Saša Večtomov

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Saša Večtomov
Detail of Saša Večtomov's grave.jpg
Memorial plaque on Saša Večtomov's gravestone, contributed by former students, at Hrbitov Veselí nad Lužnicí, Czech Republic
Born Alexander Večtomov
(1930-12-12)December 12, 1930
Prague, Czechoslovakia
Died December 29, 1989 (age 59)
Prague
Occupation cellist
Years active 1945–1989
Spouse(s) Jana Andrsová (m. 1964–1989, his death)
Children Veronica, Andrea, Johana
Parent(s) Ivan Večtomov, cellist, music pedagogue; Jarmila Večtomov, née Černá, pianist, music pedagogue

Saša Večtomov (December 12, 1930 – December 29, 1989) was a Czechoslovakian cellist and music pedagogue.

Biography[edit]

Večtomov first studied piano and cello with his father, cellist/composer Ivan Večtomov (cs) (1902–81), a soloist in the Czech Philharmonic. He continued at Prague Conservatory under the tutelage of his father, and later at the Academy of Performing Arts in Prague alongside Mirko Škampa (cs) and Josef Chuchro (cs) under cellist/pedagogue Ladislav Zelenka (cs). He then pursued his graduate studies at Moscow Conservatory under Semen Kozolupov (ru) until 1957, and master classes at Accademia Musicale Chigiana under French cellist André Navarra.

In 1951, together with Josef Suk (violin) and Jiří Hubička (cs) (piano), Večtomov established the concert ensemble Suk Trio. In 1956 he took over from Miloš Sádlo playing cello in the Czech Trio, in which he continued to perform concerts and record until his death 33 years later. He recorded many works on LP and CD as a solo performer, as well as for radio and television broadcasts. He also performed and recorded with his brother, the guitarist Vladimír Večtomov, as Prague String Duo, releasing phonograph recordings on the Supraphon, Panton, and Melodiya labels. In 2015 the Czech music label Uneventful Records released a CD and digital album of Prague String Duo's archive recordings.[1]

Along with Sádlo, Večtomov was considered one of Czechoslovakia's leading classical artists,[citation needed] drawing comparisons in the international press to Russian cellist Mstislav Rostropovich, who had been his contemporary at the Moscow Conservatory. Večtomov was best known for his inimitably sweet tone. “As the concerto develops, it is clear that Večtomov, so august a member of the Czech Trio, was certainly a big enough concerto soloist, but one who does not seek to impose his personality onto the music. Instead he illuminates it from within.”[2] Of the same recording, Fanfare observed: “I am glad to have discovered Saša Večtomov’s playing, for on this evidence he was a world-class artist … his aristocratic playing deserves a hearing, and the disc should certainly be of interest to cellists and collectors."[3]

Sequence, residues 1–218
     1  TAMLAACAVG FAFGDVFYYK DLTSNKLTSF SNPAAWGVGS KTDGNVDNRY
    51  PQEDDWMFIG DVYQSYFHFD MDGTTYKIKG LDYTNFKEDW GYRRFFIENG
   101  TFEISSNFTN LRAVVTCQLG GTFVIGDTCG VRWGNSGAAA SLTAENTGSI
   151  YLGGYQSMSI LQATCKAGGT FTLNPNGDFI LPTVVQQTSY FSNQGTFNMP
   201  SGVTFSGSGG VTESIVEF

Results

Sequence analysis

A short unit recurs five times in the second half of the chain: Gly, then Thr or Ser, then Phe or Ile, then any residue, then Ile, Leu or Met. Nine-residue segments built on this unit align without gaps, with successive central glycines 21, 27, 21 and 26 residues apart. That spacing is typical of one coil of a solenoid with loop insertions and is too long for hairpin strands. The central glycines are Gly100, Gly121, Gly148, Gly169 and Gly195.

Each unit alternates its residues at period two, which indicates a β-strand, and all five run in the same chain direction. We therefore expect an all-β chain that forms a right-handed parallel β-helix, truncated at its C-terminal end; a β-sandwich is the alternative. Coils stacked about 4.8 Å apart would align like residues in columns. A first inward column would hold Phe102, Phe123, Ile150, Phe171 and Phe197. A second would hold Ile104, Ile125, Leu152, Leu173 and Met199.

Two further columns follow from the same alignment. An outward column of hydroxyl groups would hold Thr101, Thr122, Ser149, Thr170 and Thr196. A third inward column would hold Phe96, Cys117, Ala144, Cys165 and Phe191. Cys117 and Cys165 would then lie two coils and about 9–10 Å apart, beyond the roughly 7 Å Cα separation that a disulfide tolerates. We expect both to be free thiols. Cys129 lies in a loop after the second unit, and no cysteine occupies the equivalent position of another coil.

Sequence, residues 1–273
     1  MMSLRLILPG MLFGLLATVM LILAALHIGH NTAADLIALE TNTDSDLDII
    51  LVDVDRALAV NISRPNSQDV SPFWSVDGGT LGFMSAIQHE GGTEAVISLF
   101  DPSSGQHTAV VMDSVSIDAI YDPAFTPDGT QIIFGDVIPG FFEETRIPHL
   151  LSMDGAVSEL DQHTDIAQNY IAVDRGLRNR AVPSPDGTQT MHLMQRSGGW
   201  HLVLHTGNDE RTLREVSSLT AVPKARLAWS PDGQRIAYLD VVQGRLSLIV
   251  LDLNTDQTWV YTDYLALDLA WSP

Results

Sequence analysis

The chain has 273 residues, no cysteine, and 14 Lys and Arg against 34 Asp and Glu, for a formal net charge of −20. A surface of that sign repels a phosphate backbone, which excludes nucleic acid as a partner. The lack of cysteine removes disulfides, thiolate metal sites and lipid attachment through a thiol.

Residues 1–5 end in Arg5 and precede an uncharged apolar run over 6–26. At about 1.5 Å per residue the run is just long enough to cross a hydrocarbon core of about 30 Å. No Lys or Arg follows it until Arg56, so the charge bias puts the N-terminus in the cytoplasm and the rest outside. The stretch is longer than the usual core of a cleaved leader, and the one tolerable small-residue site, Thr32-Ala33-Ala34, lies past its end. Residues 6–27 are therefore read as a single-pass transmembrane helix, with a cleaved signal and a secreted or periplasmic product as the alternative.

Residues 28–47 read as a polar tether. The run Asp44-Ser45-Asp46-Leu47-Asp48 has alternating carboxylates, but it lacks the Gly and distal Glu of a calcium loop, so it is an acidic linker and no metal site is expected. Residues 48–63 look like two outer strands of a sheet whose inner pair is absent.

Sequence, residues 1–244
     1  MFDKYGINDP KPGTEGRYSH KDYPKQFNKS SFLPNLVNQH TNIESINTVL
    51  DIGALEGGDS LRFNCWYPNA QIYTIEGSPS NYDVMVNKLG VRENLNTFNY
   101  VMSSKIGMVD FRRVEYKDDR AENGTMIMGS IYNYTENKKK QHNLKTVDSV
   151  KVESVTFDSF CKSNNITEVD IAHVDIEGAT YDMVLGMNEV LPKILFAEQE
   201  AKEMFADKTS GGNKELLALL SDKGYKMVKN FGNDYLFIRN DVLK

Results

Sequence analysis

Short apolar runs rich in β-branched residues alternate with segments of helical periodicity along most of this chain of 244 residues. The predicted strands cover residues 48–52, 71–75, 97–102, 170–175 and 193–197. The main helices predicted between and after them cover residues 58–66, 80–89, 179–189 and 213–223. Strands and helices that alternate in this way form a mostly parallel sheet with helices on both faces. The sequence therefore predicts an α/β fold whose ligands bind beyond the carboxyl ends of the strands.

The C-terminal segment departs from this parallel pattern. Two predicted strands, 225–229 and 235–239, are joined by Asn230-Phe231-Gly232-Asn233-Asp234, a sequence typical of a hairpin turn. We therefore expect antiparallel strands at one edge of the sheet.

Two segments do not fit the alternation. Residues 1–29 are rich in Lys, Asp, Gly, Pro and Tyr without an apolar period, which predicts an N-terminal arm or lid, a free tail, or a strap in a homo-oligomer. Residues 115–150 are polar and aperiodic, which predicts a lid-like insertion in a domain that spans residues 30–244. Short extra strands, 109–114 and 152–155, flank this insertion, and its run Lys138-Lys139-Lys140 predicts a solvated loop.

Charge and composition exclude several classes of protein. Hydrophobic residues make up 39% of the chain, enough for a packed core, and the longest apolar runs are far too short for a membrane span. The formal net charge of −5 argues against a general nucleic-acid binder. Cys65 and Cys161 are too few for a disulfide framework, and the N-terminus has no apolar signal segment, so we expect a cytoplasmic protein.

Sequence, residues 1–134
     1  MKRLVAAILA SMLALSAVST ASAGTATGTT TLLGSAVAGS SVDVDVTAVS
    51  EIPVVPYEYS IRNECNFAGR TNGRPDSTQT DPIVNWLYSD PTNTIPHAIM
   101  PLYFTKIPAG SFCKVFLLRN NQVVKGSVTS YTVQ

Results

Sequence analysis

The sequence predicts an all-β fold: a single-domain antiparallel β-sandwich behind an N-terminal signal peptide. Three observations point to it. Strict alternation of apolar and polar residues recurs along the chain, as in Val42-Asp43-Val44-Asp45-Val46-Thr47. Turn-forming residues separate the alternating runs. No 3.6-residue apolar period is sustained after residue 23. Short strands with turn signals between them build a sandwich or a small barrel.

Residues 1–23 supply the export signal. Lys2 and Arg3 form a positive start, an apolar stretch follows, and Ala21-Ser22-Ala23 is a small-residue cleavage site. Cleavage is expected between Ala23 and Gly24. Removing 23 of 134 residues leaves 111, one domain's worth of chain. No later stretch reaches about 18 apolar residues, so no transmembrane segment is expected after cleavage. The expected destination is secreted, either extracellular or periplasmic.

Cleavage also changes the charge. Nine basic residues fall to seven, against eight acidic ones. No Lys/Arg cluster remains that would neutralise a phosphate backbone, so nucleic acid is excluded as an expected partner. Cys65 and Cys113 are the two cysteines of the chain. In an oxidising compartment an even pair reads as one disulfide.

Prague String Duo: Famous Encores (photo, 1979)

Regarding the unusual combination of cello and guitar in Prague String Duo, Večtomov commented that a piano absorbs some of a cello's gentler shades of tone, which thus become superfluous; that the guitar can respond more sensitively than the harpsichord to the means of expression of the solo cello; and that it can differentiate all tones and produce vibrato and glissando transitions. Moreover, the cello/guitar combination, he said, is more tender, more sensitive, and better integrated than any other, as the two instruments are also much alike in the technical respect. According to the music historian Ludomír Česenek, "The 'string duet' combination is much more than a novelty in scoring musical compositions. It constitutes an experiment rooted in the tradition of the technique of music, an endeavor to discover the sources of musical expression, a renaissance of an approach which, while overtaken by the past development, has lost nothing of its aesthetic validity or of the potential to ressurect it and develop it in the modern spirit."[4]

As a professor, Večtomov taught at the Academy of Performing Arts in Prague. His pupils included Michaela Fukačová, Jiří Hošek (cs), Jan Páleníček (cs) and Miroslav Petráš (cs). His pedagogical method focused intently on detail, and he was known for his friendly manner.[citation needed]

Večtomov played on two instruments, a 1712 Alessandro Gagliano and a 1754 Giovanni Battista Guadagnini. It is said that in his playing technique he had mastered 30 distinctive glissandi.[5]

Accolades[edit]

Večtomov was awarded prizes in 14 international contests, including the 1955 Prague Spring International Music Competition 1st prize. Throughout his career he was particularly associated with the work of Bohuslav Martinů, whose Cello Concerto No. 2 he interpreted as a world premiere as well as his Variations on a Slovak Folk Song. Večtomov recorded ten of Martinů's major works and in 1970 was awarded the Grand Prix du Disque for his 1965 Supraphon recording of Cello Concerto No. 2.

References[edit]

  1. ^ Prague String Duo, Archive Recordings (Prague: Uneventful Records, 2015).
  2. ^ Jonathan Woolf. "Dvořák/Suk, Central Bohemia Symphony Orchestra, 1973, Poděbrady Theatre, Czechoslovakia". musicweb-international.com. Retrieved 2015-06-25. 
  3. ^ Pomeroy, B. "Recording". orchestralconcertcds.com. Retrieved 2015-06-25. 
  4. ^ "Pražské strunné duo: Slavné přídavky". supraphonline.cz. Retrieved 2015-06-25. 
  5. ^ DVladimir. "Teacher Saša Večtomov". cellist.nl. Archived from the original on 2015-06-26. Retrieved 2015-06-25. 

External links[edit]